"Research- The Congress has always supported the International Space Station because of the promised world-class research the station was expected to generate. The Committee is concerned that the proposed answer for the cost increases in the station would place that research goal in jeopardy by undermining the development of a cadre of ground-based research efforts leading to eventual flight and by scaling back the facilities on-board the station. The Committee recommendation includes moving the research program out of the Human Space Flight account in order to insulate it more effectively from the ramifications of future cost growth in the hardware segments of the station. The amount of funding moved is $283,600,000.... The Committee is concerned that this amount may not be adequate and as a short-term measure has added $35,000,000 which is to be used to augment the Fluids and Combustion Facility Integrated Rack. The Committee directs NASA to withhold any final determination of the research program which will be achieved on the ISS until the Congress has made a final determination on the permanent crew size of the station. Until that time, NASA is directed to develop an interim research plan which protects the option to return to the research program envisioned as part of the ISS prior to the latest cost increases."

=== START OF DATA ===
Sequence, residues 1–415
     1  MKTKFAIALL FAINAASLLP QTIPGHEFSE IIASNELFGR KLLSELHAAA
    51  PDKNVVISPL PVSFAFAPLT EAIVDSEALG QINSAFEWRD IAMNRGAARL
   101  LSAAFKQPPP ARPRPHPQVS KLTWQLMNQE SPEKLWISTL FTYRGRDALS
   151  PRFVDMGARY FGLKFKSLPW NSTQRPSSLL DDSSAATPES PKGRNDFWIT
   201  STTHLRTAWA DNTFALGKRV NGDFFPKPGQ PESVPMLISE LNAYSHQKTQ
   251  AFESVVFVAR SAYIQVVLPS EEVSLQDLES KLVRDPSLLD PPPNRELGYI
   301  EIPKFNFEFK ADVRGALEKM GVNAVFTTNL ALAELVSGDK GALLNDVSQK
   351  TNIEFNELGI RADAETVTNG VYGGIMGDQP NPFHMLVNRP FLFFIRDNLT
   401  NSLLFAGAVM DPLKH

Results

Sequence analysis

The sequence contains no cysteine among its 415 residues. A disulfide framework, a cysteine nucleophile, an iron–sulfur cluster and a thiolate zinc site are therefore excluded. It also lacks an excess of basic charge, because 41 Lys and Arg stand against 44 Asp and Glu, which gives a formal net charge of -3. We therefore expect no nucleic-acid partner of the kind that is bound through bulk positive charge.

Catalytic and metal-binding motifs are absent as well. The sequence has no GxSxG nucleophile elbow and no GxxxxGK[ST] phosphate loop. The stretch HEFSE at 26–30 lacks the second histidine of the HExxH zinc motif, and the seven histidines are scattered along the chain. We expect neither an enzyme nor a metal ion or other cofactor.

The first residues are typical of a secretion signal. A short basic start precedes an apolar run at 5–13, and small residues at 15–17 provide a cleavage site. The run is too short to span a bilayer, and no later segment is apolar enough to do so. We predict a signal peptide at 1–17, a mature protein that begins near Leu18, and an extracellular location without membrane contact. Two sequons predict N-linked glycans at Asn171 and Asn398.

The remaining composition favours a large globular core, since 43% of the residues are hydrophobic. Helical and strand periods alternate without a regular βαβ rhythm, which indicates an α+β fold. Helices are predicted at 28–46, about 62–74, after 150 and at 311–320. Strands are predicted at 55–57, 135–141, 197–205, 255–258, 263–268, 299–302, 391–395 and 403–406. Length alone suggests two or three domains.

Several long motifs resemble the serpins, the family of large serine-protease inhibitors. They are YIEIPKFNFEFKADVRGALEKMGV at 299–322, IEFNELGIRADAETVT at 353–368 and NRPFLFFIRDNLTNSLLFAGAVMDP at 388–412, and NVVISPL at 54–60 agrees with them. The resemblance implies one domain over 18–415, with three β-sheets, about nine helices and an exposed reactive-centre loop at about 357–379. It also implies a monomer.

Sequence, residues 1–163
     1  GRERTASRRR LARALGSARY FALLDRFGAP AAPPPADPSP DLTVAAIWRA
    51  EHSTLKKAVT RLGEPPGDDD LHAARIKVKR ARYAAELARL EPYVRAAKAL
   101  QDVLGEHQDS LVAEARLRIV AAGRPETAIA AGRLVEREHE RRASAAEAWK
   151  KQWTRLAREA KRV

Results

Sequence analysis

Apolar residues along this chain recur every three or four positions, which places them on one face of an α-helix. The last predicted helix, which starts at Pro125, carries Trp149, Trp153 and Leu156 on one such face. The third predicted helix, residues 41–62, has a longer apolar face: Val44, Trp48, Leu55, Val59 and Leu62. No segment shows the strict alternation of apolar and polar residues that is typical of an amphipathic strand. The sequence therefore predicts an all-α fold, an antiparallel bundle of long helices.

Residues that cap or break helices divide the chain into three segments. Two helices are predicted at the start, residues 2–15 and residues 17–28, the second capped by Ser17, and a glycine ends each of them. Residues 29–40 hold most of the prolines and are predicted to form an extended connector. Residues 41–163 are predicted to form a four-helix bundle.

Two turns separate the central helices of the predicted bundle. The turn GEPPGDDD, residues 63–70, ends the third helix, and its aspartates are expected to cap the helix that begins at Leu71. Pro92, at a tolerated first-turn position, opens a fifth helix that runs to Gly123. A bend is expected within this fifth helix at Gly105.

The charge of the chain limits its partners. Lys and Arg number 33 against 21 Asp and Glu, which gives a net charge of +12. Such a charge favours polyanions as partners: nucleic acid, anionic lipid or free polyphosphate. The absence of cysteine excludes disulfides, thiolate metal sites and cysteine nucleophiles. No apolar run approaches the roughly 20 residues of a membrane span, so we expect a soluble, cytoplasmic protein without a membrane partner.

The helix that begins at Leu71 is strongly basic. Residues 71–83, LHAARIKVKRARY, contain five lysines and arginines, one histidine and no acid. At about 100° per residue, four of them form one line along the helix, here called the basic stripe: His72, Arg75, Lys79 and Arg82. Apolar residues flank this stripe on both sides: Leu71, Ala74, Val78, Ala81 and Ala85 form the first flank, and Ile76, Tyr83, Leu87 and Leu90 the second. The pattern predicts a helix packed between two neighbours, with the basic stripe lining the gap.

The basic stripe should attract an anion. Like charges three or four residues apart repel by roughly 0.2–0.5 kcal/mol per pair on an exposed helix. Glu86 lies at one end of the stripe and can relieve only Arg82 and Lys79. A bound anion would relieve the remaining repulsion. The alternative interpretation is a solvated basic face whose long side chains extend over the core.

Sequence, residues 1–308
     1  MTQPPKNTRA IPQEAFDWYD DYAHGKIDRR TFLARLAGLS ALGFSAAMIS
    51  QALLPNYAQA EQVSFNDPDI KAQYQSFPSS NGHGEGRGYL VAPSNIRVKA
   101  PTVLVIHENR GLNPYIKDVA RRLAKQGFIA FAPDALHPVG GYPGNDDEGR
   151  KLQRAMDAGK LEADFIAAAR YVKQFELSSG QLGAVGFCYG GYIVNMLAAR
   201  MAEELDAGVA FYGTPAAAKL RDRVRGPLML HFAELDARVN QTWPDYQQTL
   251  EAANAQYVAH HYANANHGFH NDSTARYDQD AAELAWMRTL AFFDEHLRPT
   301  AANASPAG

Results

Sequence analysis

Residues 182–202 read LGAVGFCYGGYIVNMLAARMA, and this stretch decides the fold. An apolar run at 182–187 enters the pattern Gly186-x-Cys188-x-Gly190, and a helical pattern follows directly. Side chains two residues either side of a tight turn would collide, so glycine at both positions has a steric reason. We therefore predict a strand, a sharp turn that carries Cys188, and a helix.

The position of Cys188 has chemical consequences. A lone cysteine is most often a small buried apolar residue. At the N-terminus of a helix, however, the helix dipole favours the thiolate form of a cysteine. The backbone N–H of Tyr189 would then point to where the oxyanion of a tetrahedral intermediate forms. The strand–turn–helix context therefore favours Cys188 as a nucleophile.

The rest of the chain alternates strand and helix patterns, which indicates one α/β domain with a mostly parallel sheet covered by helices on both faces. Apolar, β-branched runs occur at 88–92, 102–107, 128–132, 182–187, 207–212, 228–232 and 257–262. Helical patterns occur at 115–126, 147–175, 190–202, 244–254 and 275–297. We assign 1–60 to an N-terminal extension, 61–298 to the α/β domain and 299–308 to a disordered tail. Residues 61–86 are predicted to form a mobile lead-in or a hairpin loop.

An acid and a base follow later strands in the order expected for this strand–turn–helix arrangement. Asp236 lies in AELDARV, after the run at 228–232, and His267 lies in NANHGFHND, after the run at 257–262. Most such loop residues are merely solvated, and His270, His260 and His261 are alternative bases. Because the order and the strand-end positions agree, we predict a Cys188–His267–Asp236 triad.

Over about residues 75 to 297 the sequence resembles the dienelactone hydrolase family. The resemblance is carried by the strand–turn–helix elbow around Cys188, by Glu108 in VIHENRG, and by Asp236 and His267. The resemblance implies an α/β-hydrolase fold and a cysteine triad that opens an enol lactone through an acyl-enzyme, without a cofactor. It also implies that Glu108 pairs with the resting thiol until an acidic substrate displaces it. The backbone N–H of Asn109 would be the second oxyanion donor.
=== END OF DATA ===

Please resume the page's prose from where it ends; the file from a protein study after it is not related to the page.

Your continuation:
Senate Report (S. Rpt. 107-43):

"The Committee is deeply troubled by the latest major cost overrun on the International Space Station program. The Committee appreciates the complexity of this program.... However, the Committee has lost confidence in the program's ability to responsibly manage the budget and avert the type of crisis that the program has created. In February 2001, the program reported a stunning $4,000,000,000 overrun over 5 years. Then...the Committee learned in June 2001 that the overrun increased by another $800,000,000, bringing the total overrun to $4,800,000,000. This represents a stunning 114 percent overrun for the development and operations of the program.... Currently, even after proposing to eliminate hardware to support more than three crew members and cutting research equipment by $1,000,000,000, the program still reports it is $500,000,000 short in fiscal year 2004 through fiscal year 2006.

"The Committee is deeply concerned that this mismanagement is not only a threat to the completion of Station, but represents a grave risk to other important programs within the agency. The Committee will not accept any proposal that seeks to fund Station cost growth through offsets taken from other NASA Enterprises....